What can sophisticated public speakers learn from the rough and tumble of international hockey? At least three clear lessons came to my mind as I revelled in the hockey finals at the Sochi Winter Olympic Games.
From the nail-biting women’s final between Canada and the US the lesson was obvious: never give up. Canada were trailing until 55 seconds before the end of regulation time. But they never panicked. They trusted themselves and their game plan – and it paid off with that late equalizer and a win in overtime.
Use that calm-in-adversity approach when you are speaking. No matter what happens in the room, no matter what little mistakes you may make, never give up on yourself. If you’ve followed the TalkitOut advice for building a presentation, if you’ve clearly defined your message, don’t start second-guessing your game plan. You may stumble over a sentence. A slide may pop up out of sequence. It feels like a disaster at the time. Just take a breath, re-focus, and go for gold.
Give it all you’ve got right to the every end. Audiences will remember the way you begin and the way you end. Stay strong and stay passionate until you’ve achieved your purpose.
Talking of passion, remember that’s the secret sauce that can make the difference between silver and gold. That was the second lesson for me.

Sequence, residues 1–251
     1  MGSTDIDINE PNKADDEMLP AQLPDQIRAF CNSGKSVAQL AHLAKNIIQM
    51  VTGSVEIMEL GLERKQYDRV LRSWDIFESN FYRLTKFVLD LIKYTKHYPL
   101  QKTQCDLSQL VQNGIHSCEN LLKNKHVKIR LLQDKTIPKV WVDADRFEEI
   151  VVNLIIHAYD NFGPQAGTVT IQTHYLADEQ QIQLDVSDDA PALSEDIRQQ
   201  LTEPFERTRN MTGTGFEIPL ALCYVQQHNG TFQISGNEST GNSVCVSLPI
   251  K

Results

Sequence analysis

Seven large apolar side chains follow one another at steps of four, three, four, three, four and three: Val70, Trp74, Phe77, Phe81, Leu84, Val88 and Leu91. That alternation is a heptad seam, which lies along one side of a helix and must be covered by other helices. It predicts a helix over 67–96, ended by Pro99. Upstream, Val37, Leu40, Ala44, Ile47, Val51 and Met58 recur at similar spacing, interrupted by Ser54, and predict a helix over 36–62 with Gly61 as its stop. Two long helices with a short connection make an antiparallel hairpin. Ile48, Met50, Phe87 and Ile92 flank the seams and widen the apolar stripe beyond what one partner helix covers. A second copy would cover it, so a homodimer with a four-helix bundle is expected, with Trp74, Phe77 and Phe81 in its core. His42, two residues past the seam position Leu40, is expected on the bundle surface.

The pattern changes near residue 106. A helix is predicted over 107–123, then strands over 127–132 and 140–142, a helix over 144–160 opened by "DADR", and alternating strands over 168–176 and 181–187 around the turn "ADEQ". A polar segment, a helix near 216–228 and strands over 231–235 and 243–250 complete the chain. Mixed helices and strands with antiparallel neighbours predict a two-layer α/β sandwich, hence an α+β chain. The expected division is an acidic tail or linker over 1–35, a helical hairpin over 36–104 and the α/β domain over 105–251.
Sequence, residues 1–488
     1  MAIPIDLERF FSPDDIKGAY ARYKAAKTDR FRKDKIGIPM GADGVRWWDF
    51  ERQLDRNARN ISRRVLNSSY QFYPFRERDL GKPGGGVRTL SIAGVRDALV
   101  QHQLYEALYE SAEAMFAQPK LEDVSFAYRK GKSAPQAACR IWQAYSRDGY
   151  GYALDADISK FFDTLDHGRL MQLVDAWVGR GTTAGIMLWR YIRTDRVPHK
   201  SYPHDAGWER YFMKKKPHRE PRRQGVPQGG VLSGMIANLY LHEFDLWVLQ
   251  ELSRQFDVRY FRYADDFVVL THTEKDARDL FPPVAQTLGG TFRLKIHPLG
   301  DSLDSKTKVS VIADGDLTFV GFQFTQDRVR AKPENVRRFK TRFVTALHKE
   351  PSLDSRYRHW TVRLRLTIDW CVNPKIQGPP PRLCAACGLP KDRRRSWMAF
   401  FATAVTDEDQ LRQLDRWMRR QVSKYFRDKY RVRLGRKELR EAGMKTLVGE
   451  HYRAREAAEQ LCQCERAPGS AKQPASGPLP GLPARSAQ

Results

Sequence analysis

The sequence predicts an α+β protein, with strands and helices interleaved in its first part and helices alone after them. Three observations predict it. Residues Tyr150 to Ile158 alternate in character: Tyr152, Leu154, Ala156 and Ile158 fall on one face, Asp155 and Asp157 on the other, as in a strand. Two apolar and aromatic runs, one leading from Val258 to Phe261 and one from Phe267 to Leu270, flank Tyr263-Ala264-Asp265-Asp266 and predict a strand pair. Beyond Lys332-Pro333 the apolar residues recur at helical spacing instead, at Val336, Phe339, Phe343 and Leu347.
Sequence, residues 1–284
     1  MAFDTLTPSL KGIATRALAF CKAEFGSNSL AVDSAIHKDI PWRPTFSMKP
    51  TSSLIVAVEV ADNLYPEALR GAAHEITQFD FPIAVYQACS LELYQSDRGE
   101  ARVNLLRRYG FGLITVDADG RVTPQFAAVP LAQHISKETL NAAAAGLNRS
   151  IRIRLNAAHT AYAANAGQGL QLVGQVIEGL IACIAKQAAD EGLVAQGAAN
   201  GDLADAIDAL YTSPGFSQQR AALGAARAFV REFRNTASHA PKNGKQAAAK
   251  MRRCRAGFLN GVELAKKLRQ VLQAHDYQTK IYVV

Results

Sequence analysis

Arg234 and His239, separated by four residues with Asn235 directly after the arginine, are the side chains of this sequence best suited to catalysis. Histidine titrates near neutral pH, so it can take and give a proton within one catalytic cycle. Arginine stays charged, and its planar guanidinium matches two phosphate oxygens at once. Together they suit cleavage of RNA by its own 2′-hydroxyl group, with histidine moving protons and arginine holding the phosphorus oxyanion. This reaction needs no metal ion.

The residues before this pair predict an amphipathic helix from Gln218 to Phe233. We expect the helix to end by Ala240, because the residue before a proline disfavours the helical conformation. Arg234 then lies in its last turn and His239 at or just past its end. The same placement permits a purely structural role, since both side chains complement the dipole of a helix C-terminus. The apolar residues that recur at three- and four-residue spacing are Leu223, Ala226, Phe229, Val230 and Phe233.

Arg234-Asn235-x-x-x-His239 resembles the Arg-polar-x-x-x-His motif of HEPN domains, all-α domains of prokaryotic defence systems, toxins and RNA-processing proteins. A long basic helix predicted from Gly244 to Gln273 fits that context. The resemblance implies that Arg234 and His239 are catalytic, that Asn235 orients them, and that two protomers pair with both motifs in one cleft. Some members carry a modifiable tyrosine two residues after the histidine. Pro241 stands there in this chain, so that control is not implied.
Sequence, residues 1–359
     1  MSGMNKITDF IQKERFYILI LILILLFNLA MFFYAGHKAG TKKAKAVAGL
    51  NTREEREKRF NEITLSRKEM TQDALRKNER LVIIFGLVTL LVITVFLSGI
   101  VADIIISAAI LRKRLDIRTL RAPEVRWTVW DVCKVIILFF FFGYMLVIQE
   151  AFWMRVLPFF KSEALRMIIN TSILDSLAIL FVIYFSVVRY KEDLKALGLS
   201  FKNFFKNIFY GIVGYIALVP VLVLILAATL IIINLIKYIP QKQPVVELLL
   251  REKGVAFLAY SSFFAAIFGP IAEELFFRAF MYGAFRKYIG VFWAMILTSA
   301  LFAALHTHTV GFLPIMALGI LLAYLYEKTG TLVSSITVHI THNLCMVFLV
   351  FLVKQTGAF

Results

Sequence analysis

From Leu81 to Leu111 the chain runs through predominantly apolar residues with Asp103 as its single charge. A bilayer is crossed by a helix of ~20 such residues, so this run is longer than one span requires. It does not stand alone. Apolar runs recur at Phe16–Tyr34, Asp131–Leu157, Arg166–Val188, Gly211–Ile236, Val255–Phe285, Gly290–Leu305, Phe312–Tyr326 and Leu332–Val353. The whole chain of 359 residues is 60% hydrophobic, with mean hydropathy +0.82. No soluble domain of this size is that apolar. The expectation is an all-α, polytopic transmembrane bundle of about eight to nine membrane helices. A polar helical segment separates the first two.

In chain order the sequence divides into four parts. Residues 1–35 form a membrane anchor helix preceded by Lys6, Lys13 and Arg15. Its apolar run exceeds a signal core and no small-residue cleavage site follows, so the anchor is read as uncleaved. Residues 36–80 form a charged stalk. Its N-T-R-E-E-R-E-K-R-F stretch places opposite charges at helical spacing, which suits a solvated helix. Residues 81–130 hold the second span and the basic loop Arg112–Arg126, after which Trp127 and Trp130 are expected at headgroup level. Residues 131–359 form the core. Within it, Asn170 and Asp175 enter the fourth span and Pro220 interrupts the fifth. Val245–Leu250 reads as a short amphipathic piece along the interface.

In the men’s competition the Canadians jumped on to the ice at every line change as if their lives depended on it. They wanted to play. Martin St Louis and PK Subban didn’t get as much ice time as they would have liked. (St Louis only got to Sochi because of injury to a teammate). But they accepted their roles with grace. They channeled their passion for the game – and for Team Canada – into supporting their colleagues in practice and off the ice.
As a speaker, never be afraid to show your passion for your topic. Your enthusiasm will help you really connect with your audience.
The third lesson is about being focussed. At one point in the gold medal game against Sweden, a Canadian player was trapped on the boards by two big Swedes. The Canadian had the puck between his skates. One Swede was trying to get the puck out with his stick while the other Swede was busy pummelling the Canadian’s body. The Canadian stayed calm. He knew exactly what he had to do, even when it was hurting.
When you speak, you need that kind of laser focus. Don’t focus on nerves. Don’t focus on anything except the moment. Your only job is to deliver the best performance you possibly can.
With passion, focus and determination to never give up, you’ve a good chance of being golden.
Neil Everton has distilled a lifetime’s experience with some of the world’s top news organizations into his Media Mastery training aids for anyone worried about talking to reporters. The video, books, e-books and workbooks are available in the Podium Coaching online store.